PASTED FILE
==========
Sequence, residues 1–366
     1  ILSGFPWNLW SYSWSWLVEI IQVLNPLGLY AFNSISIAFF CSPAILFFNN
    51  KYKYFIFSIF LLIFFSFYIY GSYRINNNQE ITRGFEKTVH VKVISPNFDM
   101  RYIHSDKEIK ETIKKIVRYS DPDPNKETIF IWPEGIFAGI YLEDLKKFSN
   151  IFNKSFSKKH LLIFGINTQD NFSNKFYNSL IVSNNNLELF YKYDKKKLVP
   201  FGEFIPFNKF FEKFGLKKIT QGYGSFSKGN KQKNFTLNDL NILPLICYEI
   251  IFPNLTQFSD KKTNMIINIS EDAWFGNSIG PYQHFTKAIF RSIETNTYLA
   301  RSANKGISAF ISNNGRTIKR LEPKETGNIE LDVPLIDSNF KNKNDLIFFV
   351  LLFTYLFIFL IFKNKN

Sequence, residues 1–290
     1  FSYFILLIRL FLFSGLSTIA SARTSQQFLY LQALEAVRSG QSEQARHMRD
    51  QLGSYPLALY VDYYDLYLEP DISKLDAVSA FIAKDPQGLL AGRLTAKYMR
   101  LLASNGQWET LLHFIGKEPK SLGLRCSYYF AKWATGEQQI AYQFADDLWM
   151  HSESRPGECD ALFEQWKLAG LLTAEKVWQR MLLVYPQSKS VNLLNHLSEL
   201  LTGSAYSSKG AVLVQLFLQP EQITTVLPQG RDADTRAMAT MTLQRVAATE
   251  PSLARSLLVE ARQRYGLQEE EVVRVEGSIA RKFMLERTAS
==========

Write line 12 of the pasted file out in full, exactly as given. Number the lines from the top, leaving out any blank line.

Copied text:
    51  QLGSYPLALY VDYYDLYLEP DISKLDAVSA FIAKDPQGLL AGRLTAKYMR